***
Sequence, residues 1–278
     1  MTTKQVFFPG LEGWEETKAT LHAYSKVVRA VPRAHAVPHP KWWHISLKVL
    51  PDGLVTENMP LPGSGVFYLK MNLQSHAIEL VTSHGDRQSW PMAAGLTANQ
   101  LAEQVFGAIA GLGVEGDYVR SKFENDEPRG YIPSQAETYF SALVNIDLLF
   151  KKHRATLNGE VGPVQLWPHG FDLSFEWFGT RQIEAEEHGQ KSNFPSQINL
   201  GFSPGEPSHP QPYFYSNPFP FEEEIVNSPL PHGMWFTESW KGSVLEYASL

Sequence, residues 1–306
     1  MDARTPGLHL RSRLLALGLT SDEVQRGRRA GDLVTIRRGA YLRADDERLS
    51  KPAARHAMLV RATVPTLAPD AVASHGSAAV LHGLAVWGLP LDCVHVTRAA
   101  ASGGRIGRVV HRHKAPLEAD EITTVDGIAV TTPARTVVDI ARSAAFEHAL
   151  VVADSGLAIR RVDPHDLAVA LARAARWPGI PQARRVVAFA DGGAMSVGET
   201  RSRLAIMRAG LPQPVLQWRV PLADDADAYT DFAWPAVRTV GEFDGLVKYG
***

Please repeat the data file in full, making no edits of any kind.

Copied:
Sequence, residues 1–278
     1  MTTKQVFFPG LEGWEETKAT LHAYSKVVRA VPRAHAVPHP KWWHISLKVL
    51  PDGLVTENMP LPGSGVFYLK MNLQSHAIEL VTSHGDRQSW PMAAGLTANQ
   101  LAEQVFGAIA GLGVEGDYVR SKFENDEPRG YIPSQAETYF SALVNIDLLF
   151  KKHRATLNGE VGPVQLWPHG FDLSFEWFGT RQIEAEEHGQ KSNFPSQINL
   201  GFSPGEPSHP QPYFYSNPFP FEEEIVNSPL PHGMWFTESW KGSVLEYASL

Sequence, residues 1–306
     1  MDARTPGLHL RSRLLALGLT SDEVQRGRRA GDLVTIRRGA YLRADDERLS
    51  KPAARHAMLV RATVPTLAPD AVASHGSAAV LHGLAVWGLP LDCVHVTRAA
   101  ASGGRIGRVV HRHKAPLEAD EITTVDGIAV TTPARTVVDI ARSAAFEHAL
   151  VVADSGLAIR RVDPHDLAVA LARAARWPGI PQARRVVAFA DGGAMSVGET
   201  RSRLAIMRAG LPQPVLQWRV PLADDADAYT DFAWPAVRTV GEFDGLVKYG